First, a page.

The Schug Winery Building, courtesy Schug Winery
It’s hard to know where to begin when talking about Walter Schug. This guy has been working in the California wine industry since 1966, when he was a grape buyer for Gallo. He is still hip-deep in making some phenomenal pinot noirs and has been continuously since he started working for Joseph Phelps in 1973. Our conversation ranged from the latest on this year’s harvest – “It went on a long time,” he noted – to the history of the California wine industry to the development of yeast in Germany.
Continue reading Schug Carneros Estate Winery
We served the wine at a brisk 61 degrees with fish and chips. The color was clear and golden like a chardonnay should be, and Michael got citrus and melon in the nose. The first taste had a nice medium weight and crispness that suggested the wine had been fermented in steel tanks. Nonetheless, there was the spice of applied oak, meaning oak used as an ingredient instead of to cover one or more faults. The finish was decent but not long.
Just like the cabernet we mentioned earlier, these are decent wines for midweek meals or occasions where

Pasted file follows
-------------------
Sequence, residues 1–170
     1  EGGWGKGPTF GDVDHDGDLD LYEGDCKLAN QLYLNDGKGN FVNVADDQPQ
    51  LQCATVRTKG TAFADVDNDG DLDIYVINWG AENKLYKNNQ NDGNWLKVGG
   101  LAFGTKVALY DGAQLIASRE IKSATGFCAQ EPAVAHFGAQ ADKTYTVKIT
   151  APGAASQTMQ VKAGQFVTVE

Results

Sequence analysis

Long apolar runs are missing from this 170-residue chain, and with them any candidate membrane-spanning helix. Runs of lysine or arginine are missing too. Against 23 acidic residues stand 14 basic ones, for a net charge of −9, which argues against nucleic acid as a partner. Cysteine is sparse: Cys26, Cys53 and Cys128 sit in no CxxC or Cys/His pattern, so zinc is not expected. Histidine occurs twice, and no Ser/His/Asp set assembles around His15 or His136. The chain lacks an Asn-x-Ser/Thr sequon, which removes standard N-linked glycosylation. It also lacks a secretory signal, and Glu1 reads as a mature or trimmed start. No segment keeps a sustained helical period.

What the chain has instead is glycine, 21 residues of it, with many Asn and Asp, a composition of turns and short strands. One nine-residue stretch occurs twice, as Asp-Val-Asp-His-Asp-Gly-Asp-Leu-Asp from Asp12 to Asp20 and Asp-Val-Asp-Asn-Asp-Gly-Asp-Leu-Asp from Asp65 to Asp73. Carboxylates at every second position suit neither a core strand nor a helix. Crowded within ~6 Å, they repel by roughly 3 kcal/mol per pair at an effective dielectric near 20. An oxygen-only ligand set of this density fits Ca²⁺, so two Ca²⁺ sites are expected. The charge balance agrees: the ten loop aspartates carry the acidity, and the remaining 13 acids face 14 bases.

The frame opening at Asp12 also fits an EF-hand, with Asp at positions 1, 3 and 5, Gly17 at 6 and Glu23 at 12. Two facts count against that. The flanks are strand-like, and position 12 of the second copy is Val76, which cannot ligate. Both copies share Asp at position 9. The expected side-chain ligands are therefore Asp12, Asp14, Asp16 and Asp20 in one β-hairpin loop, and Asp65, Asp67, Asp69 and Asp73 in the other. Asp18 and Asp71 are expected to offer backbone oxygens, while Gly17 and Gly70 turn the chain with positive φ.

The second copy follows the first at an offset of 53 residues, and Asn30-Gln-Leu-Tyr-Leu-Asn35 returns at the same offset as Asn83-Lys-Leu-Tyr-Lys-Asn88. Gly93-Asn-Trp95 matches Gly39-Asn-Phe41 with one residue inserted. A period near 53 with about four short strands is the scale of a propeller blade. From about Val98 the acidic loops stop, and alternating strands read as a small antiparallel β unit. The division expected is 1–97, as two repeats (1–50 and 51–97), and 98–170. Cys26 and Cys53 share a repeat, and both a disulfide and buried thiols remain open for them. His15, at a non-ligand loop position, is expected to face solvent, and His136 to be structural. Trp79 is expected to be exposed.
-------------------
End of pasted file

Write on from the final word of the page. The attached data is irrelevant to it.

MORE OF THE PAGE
Continue reading BV Coastal Estates 2008 Chardonnay
Fetzer Cabernet Sauvignon is from the Hopland area of Mendocino County. The grapes come from many different vineyards, so forget terroir. Any trace of locality is impossible to detect.
For your calibration purposes, we drank the wine with a black bean soup. The soup was good and hot, but the wine was 72 degrees. Anne had opened the bottle several hours earlier to use as part of the soup.
The color was very deep ruby. The nose had a cassis – black currant – tinge to it along with a warm mulling spice hint as well. The mouthfeel –
Continue reading Fetzer Valley Oaks 2007 Cabernet Sauvignon, Calibration Tasting
This week we’re doing a new calibration tasting. What’s that, you ask? Well, since we firmly believe that wine is a subjective experience, tasting notes by themselves can only tell you so much. After all, say we write that we caught some cherry in the nose, and some light tannins on the finish. So then you try that exact same wine and smell raisin and get some acid, instead. Does that mean we don’t know what we’re writing about? Does it mean you don’t know how to taste wine?
It means neither of those things. The reality of any
Continue reading It’s Calibration Time!